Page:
Nike launches a subscription service for kids’ shoes, Nike Adventure Club – gpgmail

Just in time for back-to-school shopping, Nike today officially announced its entry into the subscription service market with the launch of a “sneaker club” for kids called Nike Adventure Club. The new program is specifically designed to make shopping easier for parents who struggle to keep up with their quickly growing children’s shoe needs. Instead of taking kids to the store and trying on pair after pair to try to find something the child likes, the new Nike Adventure Club will instead ship anywhere from four pairs to a dozen pairs of shoes per year, depending on which subscription tier parents choose.

The club serves kids from sizes 4C to 7Y — or roughly ages 2 to 10.

Club pricing begins at $20 per month which will ship out new shoes every 90 days. For $30 per month, kids get 6 pairs per year. And for $50 per month, kids will get new shoes every month — a choice that may be excessive except for the most active kids who were their sneakers every day, play sports, or have a tendency to wreck their shoes in short order.

However, even the minimum of four pairs per year may be too frequent for some parents of older kids.

According to the American Orthopaedic Foot & Ankle Society, toddlers under 16 months grow more than one-half a foot size every two months. From 16 to 24 months, they grow an average of one-half a foot size every three months. From 24 to 36 months, it’s one-half a foot size every four months. Then things slow down.

Children over three years old grow one-half a foot size every 4 to 6 months. That means some older kids only need to replace their shoes twice per year, outside of excessive wear and tear.

That said, Nike allows parents to upgrade or downgrade their subscription at any time, or even put it on pause.

Once signed up, parents will receive an email with a selection of over 100 styles of Nike and Converse shoes to choose from, which they can review with their kids. They then pick which shoes they want to receive, and these are shipped to the home in a box with the child’s name on it. This box also includes an “adventure kit” filled with activities and games for parents to do with their kids, stickers, plus a small gift. The kit is created in partnership with the nonprofit KaBoom, which is focused on encouraging kids to lead healthy lifestyles.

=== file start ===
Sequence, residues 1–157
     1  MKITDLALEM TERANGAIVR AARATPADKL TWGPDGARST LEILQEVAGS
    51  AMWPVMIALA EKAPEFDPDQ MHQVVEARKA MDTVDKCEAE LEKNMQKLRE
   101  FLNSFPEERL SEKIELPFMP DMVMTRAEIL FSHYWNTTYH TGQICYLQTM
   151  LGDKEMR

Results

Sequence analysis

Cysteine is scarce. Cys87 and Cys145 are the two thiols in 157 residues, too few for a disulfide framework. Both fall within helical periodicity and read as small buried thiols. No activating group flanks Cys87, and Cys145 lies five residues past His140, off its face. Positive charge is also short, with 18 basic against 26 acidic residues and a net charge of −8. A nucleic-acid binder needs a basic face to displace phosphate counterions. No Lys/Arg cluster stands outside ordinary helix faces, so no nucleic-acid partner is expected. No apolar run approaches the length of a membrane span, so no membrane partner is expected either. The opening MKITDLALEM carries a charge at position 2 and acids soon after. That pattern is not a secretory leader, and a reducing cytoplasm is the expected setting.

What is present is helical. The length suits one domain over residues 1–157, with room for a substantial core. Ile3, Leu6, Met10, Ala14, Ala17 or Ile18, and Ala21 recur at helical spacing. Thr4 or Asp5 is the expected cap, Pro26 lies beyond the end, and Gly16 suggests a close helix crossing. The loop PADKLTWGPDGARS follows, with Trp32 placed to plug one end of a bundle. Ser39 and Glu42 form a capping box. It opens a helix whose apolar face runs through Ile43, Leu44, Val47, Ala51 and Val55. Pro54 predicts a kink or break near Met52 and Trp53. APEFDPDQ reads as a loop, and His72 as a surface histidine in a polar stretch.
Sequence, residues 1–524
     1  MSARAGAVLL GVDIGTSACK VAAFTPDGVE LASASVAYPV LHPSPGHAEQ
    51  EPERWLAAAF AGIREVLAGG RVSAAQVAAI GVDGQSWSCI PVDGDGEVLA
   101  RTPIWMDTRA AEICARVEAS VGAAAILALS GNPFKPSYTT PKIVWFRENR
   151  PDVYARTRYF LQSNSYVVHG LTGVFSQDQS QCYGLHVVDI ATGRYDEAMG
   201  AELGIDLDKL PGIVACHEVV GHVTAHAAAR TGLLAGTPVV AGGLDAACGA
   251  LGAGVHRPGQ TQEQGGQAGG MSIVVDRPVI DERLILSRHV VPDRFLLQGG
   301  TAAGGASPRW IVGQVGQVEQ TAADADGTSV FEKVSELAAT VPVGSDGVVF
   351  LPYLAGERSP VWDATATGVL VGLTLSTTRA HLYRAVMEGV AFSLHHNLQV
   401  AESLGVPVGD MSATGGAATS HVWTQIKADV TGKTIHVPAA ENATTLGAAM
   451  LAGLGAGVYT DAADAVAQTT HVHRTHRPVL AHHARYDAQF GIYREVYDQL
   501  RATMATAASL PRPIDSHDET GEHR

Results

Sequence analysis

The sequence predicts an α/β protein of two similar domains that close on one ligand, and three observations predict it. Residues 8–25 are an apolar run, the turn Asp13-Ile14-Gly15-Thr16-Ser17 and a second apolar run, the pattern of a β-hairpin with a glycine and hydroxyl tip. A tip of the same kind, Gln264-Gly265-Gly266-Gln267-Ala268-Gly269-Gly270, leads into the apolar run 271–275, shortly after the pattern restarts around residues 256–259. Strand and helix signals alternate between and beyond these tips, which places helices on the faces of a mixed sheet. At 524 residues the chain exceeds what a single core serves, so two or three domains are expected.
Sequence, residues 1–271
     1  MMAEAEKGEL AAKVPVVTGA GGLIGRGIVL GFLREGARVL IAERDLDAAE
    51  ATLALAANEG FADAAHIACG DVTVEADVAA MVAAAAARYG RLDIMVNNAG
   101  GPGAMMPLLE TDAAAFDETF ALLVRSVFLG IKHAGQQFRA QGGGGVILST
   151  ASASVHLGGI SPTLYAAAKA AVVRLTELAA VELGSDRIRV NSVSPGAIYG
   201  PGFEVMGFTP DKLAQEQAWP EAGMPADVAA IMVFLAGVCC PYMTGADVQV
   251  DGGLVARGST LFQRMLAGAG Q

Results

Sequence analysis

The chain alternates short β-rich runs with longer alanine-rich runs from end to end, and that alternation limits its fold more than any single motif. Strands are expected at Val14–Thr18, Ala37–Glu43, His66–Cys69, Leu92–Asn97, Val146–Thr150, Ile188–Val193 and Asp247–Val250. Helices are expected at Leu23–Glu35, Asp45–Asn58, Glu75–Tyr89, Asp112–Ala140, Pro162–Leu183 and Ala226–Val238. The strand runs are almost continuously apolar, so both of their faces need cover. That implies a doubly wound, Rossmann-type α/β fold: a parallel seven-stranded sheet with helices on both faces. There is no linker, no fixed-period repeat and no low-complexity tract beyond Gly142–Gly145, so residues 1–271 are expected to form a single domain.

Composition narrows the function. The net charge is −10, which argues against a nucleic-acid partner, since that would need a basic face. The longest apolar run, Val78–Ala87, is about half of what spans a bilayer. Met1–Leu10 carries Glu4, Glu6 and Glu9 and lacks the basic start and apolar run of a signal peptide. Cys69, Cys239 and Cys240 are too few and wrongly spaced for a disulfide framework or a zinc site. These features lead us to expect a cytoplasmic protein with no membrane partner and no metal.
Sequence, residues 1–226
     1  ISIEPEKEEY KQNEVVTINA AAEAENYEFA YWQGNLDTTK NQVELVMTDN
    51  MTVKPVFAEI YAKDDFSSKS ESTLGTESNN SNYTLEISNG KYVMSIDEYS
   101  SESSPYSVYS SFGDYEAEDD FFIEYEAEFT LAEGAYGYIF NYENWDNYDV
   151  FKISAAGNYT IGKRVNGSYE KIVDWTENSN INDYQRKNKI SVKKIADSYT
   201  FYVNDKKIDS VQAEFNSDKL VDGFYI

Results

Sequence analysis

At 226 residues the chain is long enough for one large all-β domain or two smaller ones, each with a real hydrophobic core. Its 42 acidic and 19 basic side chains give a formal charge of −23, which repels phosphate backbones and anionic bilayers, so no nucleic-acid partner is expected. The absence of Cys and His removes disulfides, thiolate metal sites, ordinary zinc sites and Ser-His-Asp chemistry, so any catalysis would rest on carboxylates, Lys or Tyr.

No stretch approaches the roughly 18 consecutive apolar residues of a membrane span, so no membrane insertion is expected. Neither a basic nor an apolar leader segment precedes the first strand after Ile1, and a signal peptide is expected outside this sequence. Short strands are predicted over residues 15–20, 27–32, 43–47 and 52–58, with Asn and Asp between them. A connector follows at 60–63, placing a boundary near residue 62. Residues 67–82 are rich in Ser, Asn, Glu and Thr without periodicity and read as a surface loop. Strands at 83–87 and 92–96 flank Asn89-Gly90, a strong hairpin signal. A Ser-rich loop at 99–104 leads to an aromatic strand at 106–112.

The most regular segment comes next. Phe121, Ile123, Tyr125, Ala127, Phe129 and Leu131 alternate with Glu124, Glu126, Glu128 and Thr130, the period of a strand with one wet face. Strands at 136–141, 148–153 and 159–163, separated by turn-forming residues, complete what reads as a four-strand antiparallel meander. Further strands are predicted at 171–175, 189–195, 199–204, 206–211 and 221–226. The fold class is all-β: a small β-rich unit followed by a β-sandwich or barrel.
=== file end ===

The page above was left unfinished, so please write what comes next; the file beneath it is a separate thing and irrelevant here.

If the shoes are the wrong size, exchanges are free within a week of delivery.

Perhaps the best part of the program is the recycling component.

Twice a year, Nike will ship out a prepaid bag where parents can send back their kids’ worn shoes, which will either be donated to families in need if in good condition or recycled through Nike Grind, a program that separates out the rubber, foam, leather, and textile blends, grinds them into granules, and incorporates those into new products including footwear, apparel, and play surfaces.

“We see Nike Adventure Club sits as having a unique place within Nike, and not just for it being the first sneaker club for kids,” says Dave Cobban, VP of Nike Adventure Club, in a statement about the launch. “It provides a wide range of options for kids, while at the same time, it removes a friction point for parents who are shopping on their behalf.”

Nike has been testing the program since 2017, when it was known as Easy Kicks. The test reached 10,000 members, the company said.

Nike isn’t the first to launch a subscription focused on kids — and big retailers have taken note. This year, Foot Locker took a minority stake in kids’ clothing subscription Rockets of Awesome and Walmart partnered with children’s clothing startup Kidbox.

Stitch Fix also offers a kids’ styling service. And Amazon offers a try-before-you-buy shopping service without a subscription, Prime Wardrobe. Amazon’s variation offers both girls and boys options where parents can fill a box with apparel, shoes, and accessories for home try-on and easy returns.

Nike’s Adventure Club is launching today but is easing in new customers via a waitlist option.

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This startup wants to democratize custom sneaker ownership – gpgmail